The days of tech job interviews consisting of only questions such as "Tell us about yourself" are gone. Several companies have adopted Google's brain teasing interview model, throwing interviewees questions such as "How many happy birthday posts do you think Facebook gets in one day?" and "If you are in a boat with a boulder and you drop that boulder into the lake, how does the water level before and after you drop the boulder in the lake compare?"
Those are both real questions, by the way, asked recently by Facebook and Apple, respectively, according to a recent Glassdoor report.
Google itself abandoned these types of questions several years ago, and executives later admitted that even they could not solve them. However, several tech and other companies continue to use them as part of the interview process.
"A lot of these questions are designed to see how somebody thinks and analyzes," said Mark Dinan, a tech recruiter based in Silicon Valley. "But sometimes, they're just ego-driven, and are attempts by a 24-year-old questioner to demonstrate how smart they are, as opposed to finding out about what a candidate knows."
The tech interview process is flawed on both the interviewer and interviewee side, Dinan said. "Many people in the tech world do not interview well, and a lot of companies don't know how to interview," he said. "They adopted patterns of behavior from Google and Facebook, which doesn't work for a startup that's desperate to find people. A lot of times, companies need to redo the interview process because they end up discarding qualified people."
Dinan said he has seen his clients walk out of interviews after being asked a curveball question. "It's one thing if you're interviewing at Facebook and they ask that, but if you're interviewing at a company you might not be that excited about, that's when you see people leave," Dinan said.
Curveball questions are especially difficult for more introverted job candidates, said Caroline Stokes, executive coach and headhunter, and founder of executive search firm Forward Human Capital Solutions. "People may not feel comfortable in that environment and freeze up," Stokes said. "I would encourage companies to have other testing environments as well as those curveball questions."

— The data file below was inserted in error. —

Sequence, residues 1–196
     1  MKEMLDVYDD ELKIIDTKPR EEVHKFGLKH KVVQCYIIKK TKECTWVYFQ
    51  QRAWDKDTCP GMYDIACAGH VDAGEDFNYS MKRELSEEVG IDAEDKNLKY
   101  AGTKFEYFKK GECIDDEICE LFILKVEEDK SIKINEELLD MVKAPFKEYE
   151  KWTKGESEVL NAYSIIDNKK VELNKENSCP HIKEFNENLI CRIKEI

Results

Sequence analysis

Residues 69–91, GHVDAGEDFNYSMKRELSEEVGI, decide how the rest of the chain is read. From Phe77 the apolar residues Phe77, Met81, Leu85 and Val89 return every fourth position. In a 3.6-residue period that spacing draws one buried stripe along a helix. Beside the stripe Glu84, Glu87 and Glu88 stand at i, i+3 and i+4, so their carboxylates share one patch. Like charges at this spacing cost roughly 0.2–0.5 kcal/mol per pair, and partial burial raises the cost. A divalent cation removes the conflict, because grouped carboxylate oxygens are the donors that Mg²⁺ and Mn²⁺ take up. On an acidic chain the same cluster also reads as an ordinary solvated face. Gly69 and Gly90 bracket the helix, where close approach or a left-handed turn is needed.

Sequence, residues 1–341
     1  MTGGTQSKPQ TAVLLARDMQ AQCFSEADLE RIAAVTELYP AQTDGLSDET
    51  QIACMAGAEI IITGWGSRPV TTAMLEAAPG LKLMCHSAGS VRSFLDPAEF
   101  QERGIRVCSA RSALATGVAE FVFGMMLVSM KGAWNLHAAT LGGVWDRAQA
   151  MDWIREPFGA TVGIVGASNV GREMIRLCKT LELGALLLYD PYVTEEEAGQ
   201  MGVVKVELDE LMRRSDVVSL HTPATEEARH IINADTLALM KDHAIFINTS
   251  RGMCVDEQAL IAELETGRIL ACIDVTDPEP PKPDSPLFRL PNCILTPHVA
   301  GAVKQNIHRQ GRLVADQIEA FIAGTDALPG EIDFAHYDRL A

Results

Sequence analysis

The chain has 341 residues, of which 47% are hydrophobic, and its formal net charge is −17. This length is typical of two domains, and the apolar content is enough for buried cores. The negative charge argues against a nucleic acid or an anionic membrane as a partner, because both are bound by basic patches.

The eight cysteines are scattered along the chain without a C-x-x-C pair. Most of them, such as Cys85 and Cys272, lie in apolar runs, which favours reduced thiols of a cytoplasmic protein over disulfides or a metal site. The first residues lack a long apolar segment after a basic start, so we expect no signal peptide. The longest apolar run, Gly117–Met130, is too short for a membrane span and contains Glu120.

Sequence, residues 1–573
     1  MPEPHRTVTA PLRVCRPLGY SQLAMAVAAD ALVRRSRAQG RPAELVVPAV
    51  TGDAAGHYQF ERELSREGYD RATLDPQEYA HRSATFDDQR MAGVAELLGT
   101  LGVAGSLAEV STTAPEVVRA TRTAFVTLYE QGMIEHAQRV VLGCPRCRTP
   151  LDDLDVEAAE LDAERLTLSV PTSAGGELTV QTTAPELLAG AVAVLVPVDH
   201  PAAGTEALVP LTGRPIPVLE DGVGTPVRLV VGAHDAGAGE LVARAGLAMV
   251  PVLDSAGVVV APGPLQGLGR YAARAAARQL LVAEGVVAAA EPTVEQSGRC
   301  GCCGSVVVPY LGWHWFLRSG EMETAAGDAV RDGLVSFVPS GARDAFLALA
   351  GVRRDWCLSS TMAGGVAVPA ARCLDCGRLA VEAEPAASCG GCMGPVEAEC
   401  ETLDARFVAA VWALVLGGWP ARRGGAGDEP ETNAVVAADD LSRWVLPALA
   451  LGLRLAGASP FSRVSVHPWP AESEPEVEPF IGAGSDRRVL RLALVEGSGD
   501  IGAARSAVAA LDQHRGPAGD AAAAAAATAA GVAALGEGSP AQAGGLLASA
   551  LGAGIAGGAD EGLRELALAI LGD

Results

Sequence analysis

Asking questions that get people to explain how they have tackled particular problems in the past are better than brainteasers for interviews, said Dave Denaro, vice president at Keystone Associates, which provides career coaching to executives. "You can probe for details to confirm the individual is being truthful," Denaro said. "Asking how have you handled this problem before is better than asking how would you handle it, assuming the candidate has had at least some work experience."
Interviewers should try to get to the heart of the following questions, Denaro said:
- Can the candidate deliver what needs to be done in the job?
- Are they motivated to do it in this particular company?
- Do they fit the company culture and management style?
"Not every candidate is enough of a match in all three areas to warrant getting an offer, nor should a candidate accept a job offer if they think there is not enough of a match in all three areas," Denaro said.
Here are some tips for handling brain teaser interview questions.
1. Do your research.
Oftentimes, tech companies use the same type of brainteaser questions, so candidates can prepare for them ahead of time, Dinan said. Several brain teasers fall into similar categories, such as the "How Many [Things] Are There in [Location]?" question and the "How Many [Things] Could Fit in [Container]?" question.